Ila language

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Ila
Lundwe
Native to Zambia
Native speakers
unknown (92,000 cited 1986–2006)[1]
Dialects
Ila
Lundwe
Sala
Language codes
ISO 639-3 Either:
ilb – Ila
shq – Sala
M.63,631–633[2]

Ila (Chiila) is a language of Zambia. Maho (2009) lists Lundwe (Shukulumbwe) and Sala as distinct languages most closely related to Ila. Ethnologue reports that Sala is mutually intelligible with Tonga. Ila is one of the languages of the Earth included on the Voyager Golden Record.[3]

Some sounds [4][edit]

  • ch in fact varies from "k" to a "weak" version of English "ch", to a "strong" "ch" to "ty".
  • j as the voiced sound corresponding to this therefore varies "g"/English "j"/ "dy" / and "y".
  • v is reportedly like English "v", but vh "lips more rounded with a more distinct emission of breath".
  • zh is the j in French bonjour.
  • ng is the sound as in (southern British) English "finger", while ng' is as in "singer" - a similar distinction is observed in Swahili.[5]

Tonality and stress[edit]

We are told that quasi-musical pitch or tone is important as in many other languages, and is used to distinguish words from another. Stress is demonstrated by contrasting aze with stress on the first syllable ( = "with him") with aze with stress on the second syllable (= "he also").[6]

Some words and phrases[edit]

  • ing'anda - house
  • imboni - pupil of the eye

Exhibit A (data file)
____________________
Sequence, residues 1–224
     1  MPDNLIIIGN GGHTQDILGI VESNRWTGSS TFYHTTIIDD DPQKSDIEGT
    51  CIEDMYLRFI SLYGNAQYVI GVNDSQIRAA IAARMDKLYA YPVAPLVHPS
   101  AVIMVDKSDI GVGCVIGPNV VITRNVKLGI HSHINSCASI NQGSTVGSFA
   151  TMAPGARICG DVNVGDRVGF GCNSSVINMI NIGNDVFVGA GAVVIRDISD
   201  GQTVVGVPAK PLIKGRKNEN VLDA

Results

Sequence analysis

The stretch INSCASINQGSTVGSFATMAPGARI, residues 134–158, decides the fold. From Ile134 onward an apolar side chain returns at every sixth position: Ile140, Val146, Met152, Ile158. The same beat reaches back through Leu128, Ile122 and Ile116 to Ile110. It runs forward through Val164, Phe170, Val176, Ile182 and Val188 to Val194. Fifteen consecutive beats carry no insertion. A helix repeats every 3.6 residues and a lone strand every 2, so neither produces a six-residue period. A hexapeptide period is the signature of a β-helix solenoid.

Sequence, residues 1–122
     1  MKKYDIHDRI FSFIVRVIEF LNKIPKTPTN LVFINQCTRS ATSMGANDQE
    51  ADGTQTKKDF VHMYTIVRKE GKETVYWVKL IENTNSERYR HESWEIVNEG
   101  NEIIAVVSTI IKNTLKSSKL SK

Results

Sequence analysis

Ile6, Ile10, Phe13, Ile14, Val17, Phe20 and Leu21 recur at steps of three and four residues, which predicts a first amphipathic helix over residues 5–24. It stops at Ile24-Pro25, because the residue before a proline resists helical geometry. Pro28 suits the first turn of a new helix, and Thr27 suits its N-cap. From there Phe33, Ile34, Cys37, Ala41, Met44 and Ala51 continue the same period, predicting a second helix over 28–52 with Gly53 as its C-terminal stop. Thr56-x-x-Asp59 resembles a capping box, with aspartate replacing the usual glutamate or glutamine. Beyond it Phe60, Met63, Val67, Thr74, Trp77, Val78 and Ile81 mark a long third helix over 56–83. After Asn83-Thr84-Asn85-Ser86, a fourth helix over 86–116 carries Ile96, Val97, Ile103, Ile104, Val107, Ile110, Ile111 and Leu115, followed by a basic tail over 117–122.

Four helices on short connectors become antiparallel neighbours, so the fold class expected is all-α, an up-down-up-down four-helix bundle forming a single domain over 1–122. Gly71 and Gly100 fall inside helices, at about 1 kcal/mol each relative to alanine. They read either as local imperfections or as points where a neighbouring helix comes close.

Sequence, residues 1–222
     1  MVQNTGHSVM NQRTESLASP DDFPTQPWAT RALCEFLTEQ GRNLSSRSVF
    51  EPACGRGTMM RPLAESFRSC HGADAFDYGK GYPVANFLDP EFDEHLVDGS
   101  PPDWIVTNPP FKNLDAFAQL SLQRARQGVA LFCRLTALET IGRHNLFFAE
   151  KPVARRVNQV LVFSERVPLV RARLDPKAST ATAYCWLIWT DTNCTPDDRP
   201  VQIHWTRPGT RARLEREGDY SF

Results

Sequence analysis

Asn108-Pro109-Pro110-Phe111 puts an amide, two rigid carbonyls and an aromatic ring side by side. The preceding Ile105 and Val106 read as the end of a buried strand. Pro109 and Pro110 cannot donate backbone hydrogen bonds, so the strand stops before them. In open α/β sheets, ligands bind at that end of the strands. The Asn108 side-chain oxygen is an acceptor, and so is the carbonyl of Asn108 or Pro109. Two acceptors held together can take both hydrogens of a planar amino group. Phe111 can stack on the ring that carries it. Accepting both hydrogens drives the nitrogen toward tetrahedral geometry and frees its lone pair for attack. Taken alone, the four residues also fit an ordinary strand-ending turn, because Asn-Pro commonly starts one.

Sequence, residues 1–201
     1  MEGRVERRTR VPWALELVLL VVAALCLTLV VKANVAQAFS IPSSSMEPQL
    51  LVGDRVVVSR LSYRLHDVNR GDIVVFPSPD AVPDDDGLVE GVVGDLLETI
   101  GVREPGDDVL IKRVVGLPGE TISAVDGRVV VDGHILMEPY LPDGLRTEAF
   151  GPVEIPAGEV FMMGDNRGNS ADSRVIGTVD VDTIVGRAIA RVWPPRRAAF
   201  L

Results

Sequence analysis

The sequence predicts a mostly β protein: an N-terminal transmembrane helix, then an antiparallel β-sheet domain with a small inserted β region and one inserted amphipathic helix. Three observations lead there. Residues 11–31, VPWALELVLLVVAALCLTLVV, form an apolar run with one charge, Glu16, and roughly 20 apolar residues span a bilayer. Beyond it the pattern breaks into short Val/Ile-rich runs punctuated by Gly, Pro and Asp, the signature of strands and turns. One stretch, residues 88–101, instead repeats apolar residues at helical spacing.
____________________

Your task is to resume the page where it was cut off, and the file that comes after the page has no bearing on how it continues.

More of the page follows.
• ipezho - brush
  • indimi - tongues
  • lemeka - honour (verb)
  • bamba - arrange
  • Bambambila - they arrange for me
  • Balanumba - they praise me
  • bobu buzani - this meat
  • Bobu mbuzani - this is meat
  • chita - to do, same is used to mean 'I have no idea'
  • chisha - to cause to do
  • katala - to be tired
  • katazha - to make tired
  • impongo - a goat [7]

Some comparisons[edit]

  • Ila: ishishi - dimness; Sotho: lefifi - darkness; Xhosa: "ubufifi" - dimness; Nyanja: chimfifi - secret;

Bemba: IMFIFI - darkness; Kisanga: mfinshi - darkness; and Bulu (Ewondo): "dibi" - darkness.

Ideophones or imitation words[edit]

Words in English such as "Splash!", "Gurgle", "Ker-putt" express ideas without the use of sentences. Smith and Dale [8] point out that this kind of expression is very common in the Ila language:

You may say Ndamuchina anshi ("I throw him down"), but it is much easier and more trenchant to say simply Ti!, and it means the same.[9]

Some examples:

  • Muntu wawa - A person falls
  • Wawa mba - falls headlong
  • Mba! - He falls headlong
  • Mbo! mbo! mbo! mbò! - (with lowered intonation on the last syllable) He falls gradually
  • Mbwa! - flopping down, as in a chair
  • Wa! wa! wa! wa!- The rain is pattering
  • Pididi! pididi! pididi! - of a tortoise, falling over and over from a great height